As I said, it takes a little work and a lot of repetition before we finally manage to change our programmed response.  It took me a long time before I was able to look at the cookies, cupcakes and breads and make a considered choice rather than slink by without getting caught by the bakery coyote. My automatic response was to start choosing what I wanted most and how many calories is it and what can I swap out to make it fit? Or worse yet, start rationalizing why I needed or deserved it: “it’s one piece of cake/ cookie/ bread!” Very true and even if I ate it, it’s not the end of the world or a catastrophe.  It just means that I need more practice.  For a long time, I didn’t eat any of those things and even today I still don’t eat them very often. The difference is that now, when I eat them, it’s not because I gave in or that I couldn’t control myself, it’s because I chose to eat it and enjoy it as the treat it was meant to be.  These are treats for me now, not major portions of my diet like they used to be. But slinking by them in the store didn’t really help me change my response to them.  It took a lot of looking at them, agonizing over why I was choosing not to have them, and walking away without them before I was able to walk by the bakery without even noticing.  Now when I look at them, most of the time I walk away without them without the agonizing, because I really don’t want them, no matter how stressed I am, no matter how much I want to ‘celebrate’ or whether I ‘deserve’ them or not.  They don’t taste as good as they used to, mainly because, for me, the whole ‘stress relief’ aspect is no longer there.  They no longer have the same ‘rush’ they used to have because I am no longer eating them in response to a trigger.  They are regular food to me now, and not the sweet taste of stress relief.  This is actually a good thing for me, because when I do choose to eat them, they don’t have the same pull and as a result, now it’s easier to ignore them in the stores.

Changing your thinking can take a long time, but it’s definitely worth the effort.  In changing our thinking, we change how we view ourselves and our reactions to food (among other things) and this is the first step in developing healthy new responses to old painful triggers. Be patient, be consistent and the changes will come.  Too often, people give up in the middle because they think they aren’t doing it right or that it’ll never come, but we learned these responses over years and it may take nearly as long to undo those learned responses.  Seriously, it’s taken me almost two years before I could not look at carrot cake and really really want it.  Was it worth all that agonizing in the grocery store? YES!! Now when I have it, it’s because I want it- not because it was a bad day and I need it or “it somehow ended up in my cart.” I know the urge is to make changes as fast as we can so that we can lose as much weight as we can in the shortest amount of time, but in order to make the results last, we need to make the changes permanent. We need to make the healthy new responses as automatic as the unhealthy old responses were. We are worth the effort and the agonizing.  After all, it’s a really just a piece of cake.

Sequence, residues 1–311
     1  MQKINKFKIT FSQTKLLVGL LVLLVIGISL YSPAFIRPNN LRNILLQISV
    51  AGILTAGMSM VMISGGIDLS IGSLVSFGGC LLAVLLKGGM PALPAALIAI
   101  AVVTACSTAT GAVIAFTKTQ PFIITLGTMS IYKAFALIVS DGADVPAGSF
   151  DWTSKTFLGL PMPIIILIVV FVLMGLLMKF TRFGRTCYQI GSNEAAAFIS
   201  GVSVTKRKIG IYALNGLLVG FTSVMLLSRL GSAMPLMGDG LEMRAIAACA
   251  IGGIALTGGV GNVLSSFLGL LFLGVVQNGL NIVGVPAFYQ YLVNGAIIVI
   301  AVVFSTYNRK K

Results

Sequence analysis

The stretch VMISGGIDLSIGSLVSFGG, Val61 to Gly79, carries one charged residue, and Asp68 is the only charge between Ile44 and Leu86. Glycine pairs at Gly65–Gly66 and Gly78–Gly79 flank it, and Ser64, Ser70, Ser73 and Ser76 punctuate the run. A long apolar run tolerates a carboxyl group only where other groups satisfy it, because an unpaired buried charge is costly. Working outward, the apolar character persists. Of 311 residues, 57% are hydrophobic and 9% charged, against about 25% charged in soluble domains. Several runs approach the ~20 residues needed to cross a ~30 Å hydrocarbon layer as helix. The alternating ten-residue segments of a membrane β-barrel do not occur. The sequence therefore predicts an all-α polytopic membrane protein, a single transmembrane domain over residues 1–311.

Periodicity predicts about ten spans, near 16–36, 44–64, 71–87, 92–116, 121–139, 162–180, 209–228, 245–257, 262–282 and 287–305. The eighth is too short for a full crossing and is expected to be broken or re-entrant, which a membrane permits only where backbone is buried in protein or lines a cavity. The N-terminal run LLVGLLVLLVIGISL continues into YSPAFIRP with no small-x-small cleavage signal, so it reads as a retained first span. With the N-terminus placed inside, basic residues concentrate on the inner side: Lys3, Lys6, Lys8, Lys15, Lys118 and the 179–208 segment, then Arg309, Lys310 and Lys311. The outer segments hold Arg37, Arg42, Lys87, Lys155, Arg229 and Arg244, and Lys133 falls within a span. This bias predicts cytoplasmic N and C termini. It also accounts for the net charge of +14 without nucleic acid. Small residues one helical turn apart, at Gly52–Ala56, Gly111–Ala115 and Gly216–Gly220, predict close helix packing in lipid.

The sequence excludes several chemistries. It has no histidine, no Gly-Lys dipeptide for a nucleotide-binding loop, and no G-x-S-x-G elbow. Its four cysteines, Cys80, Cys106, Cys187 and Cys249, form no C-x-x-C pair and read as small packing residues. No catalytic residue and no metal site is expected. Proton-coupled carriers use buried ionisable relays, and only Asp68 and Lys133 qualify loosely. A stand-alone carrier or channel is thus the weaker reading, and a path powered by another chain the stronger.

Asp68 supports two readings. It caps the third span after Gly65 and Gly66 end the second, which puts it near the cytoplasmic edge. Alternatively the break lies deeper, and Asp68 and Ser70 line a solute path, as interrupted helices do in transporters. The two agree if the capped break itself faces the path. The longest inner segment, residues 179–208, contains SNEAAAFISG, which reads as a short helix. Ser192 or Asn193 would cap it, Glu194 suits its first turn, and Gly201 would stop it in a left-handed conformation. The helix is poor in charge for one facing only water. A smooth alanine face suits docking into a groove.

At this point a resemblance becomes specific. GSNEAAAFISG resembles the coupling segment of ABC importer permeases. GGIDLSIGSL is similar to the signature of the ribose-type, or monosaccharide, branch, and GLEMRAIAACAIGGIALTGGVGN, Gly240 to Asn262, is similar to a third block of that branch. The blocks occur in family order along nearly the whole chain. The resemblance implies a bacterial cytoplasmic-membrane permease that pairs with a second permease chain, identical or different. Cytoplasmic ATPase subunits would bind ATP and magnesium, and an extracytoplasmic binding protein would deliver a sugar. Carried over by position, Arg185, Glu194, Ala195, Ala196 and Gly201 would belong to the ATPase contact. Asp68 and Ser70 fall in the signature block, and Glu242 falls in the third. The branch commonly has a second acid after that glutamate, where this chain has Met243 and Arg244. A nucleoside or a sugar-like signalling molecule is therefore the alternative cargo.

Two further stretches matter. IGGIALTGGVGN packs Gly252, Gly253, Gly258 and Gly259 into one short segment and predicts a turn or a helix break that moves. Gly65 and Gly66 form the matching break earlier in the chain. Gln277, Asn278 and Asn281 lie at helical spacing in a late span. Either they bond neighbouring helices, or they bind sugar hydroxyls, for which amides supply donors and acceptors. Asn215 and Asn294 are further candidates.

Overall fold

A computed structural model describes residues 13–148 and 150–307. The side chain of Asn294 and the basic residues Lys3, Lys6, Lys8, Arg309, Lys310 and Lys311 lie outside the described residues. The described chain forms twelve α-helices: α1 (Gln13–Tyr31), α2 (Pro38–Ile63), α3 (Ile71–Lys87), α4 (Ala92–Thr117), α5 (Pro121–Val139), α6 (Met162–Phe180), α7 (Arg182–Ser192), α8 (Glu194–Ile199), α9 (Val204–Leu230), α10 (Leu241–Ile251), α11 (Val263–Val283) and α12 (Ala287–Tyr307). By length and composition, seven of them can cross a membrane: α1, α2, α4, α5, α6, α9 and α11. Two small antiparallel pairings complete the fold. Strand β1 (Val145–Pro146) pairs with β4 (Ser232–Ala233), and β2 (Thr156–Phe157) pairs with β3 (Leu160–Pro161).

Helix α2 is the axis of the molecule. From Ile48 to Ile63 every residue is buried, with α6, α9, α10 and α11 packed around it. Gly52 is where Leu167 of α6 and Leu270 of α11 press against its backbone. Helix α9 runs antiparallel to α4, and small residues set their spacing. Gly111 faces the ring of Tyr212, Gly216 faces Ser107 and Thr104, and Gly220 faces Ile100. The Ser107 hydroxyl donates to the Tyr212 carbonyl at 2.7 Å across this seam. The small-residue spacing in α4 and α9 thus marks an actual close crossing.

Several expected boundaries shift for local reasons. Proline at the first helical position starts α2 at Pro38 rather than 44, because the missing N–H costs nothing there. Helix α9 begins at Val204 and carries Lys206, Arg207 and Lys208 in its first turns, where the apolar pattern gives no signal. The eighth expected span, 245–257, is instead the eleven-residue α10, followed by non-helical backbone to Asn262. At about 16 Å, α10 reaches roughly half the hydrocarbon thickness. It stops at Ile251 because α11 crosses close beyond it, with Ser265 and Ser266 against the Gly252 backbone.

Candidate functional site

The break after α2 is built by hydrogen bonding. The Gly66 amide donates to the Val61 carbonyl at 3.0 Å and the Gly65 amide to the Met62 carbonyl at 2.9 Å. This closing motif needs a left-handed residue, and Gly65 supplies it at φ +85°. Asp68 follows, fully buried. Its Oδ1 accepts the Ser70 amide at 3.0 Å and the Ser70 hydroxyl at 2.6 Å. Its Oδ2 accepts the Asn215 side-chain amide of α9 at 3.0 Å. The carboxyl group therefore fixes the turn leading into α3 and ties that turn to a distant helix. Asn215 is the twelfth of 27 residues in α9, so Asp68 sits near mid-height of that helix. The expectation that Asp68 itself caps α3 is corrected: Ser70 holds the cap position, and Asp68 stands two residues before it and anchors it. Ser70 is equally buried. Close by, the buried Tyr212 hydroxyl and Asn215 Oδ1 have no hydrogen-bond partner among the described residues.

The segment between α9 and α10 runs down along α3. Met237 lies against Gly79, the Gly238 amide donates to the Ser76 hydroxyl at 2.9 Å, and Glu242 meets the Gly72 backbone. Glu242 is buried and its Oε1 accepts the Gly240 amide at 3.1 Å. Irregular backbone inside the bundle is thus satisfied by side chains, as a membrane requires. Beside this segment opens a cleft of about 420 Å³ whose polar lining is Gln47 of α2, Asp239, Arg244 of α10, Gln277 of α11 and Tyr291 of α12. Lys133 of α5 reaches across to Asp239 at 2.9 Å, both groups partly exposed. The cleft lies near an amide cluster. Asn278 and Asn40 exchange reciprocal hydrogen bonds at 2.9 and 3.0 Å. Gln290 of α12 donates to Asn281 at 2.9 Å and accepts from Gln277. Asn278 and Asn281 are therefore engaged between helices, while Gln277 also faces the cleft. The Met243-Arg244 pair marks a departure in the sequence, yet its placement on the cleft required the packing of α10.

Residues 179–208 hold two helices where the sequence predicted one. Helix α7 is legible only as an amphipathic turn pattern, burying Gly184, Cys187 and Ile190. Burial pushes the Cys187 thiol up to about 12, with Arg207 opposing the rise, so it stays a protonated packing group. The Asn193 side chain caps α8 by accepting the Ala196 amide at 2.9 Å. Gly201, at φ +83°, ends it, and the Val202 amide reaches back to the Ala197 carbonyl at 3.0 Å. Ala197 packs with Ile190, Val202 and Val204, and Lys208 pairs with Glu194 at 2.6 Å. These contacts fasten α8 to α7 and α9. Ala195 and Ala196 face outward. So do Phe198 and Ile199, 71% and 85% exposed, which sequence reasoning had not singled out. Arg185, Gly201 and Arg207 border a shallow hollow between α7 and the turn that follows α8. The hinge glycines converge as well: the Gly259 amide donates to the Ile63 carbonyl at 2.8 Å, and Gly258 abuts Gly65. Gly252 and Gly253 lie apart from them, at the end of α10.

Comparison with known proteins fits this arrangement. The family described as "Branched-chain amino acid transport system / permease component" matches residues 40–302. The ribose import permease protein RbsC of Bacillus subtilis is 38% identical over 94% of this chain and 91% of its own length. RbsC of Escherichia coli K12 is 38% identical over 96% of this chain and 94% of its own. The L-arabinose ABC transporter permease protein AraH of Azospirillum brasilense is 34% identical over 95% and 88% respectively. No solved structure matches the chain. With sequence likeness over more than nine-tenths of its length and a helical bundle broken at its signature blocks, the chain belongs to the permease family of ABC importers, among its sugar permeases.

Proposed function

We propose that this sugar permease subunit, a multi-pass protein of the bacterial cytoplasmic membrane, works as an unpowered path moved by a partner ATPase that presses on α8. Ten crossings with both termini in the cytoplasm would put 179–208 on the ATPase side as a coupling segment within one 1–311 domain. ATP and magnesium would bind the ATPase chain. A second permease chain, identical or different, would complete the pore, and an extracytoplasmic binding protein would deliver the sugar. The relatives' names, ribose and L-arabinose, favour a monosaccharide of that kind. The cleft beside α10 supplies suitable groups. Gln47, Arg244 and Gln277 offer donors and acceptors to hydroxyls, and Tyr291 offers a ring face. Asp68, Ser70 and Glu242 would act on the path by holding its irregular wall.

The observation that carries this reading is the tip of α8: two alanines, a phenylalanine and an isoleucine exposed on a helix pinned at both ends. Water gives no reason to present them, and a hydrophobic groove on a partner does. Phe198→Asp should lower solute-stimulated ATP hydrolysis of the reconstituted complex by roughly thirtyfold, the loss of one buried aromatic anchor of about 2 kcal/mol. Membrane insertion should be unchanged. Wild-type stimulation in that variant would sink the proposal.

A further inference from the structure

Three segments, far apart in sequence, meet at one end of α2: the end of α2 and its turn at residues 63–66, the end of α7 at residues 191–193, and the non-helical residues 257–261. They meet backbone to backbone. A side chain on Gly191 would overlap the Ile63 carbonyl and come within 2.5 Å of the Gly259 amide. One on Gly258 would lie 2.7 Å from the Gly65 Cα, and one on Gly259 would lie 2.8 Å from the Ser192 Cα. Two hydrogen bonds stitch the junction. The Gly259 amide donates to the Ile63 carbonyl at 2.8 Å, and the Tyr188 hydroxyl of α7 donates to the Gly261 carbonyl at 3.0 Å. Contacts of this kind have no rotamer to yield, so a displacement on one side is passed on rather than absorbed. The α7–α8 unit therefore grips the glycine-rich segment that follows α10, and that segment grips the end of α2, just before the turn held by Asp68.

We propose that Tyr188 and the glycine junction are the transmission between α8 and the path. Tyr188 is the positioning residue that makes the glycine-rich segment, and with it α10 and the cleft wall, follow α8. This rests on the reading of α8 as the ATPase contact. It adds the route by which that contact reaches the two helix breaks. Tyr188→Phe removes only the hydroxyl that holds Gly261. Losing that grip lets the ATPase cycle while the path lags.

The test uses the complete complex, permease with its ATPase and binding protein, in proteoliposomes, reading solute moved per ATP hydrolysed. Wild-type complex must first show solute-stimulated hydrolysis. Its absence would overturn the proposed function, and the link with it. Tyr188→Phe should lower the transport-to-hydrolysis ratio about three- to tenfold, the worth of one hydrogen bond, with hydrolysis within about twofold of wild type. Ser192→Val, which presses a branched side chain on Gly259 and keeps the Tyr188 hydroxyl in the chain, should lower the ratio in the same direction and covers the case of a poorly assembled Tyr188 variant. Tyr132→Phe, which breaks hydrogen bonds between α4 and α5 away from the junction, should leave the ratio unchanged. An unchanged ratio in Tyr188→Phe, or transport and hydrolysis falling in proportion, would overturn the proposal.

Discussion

Being Uniquely You vs. Joining the Pack

New Year’s resolutions are running rampant right now as people are doing everything they can to hang on and not give up on the attempts to make positive changes.  I admit that I have never been a big fan of making resolutions based on a time of year.  Yes, it’s convenient to have an unforgettable date but the new year already has so many changes associated with it: new laws and government forms are in effect; you have to change the dates on a lot of items, not to mention every time you date a form “don’t forget 2017!” (we even had court calendaring clerk assign a trial date based on the wrong year: “um, that’s a Saturday, Your Honor!”) In my opinion, the new year already has enough baggage for you to deal without bringing your resolutions with it.

However, now that you’ve made them, there’s no reason not to try and keep them.  It’s not the resolutions that I have problems with- it’s just the timing. Establishing healthy habits is always a good thing! Let me add one little caveat to that statement: provided the habit is healthy for you! In all the hustle to sell their new workout videos and diet programs, the health and fitness industry is not really very concerned about what’s best for you! I’m not going to sit here and say they’re just out to make a buck, but- yeah, that’s what I’m going to do! They are trying to sell you something and if it doesn’t work out for you, then you’re probably going to buy something else they are selling to see if that works for you, so the more things that don’t work for you, the more they are going to make from you.

I’m not selling you anything.  I don’t even advertise for other companies on my blog (although WordPress might- I don’t have any control over that.) My concern is that you learn healthy habits that work for you, so you can be as healthy and happy and get the most out of your life. The key phrase is here “work for you” and I am emphasizing that ‘you’ because I don’t care what works for everyone else.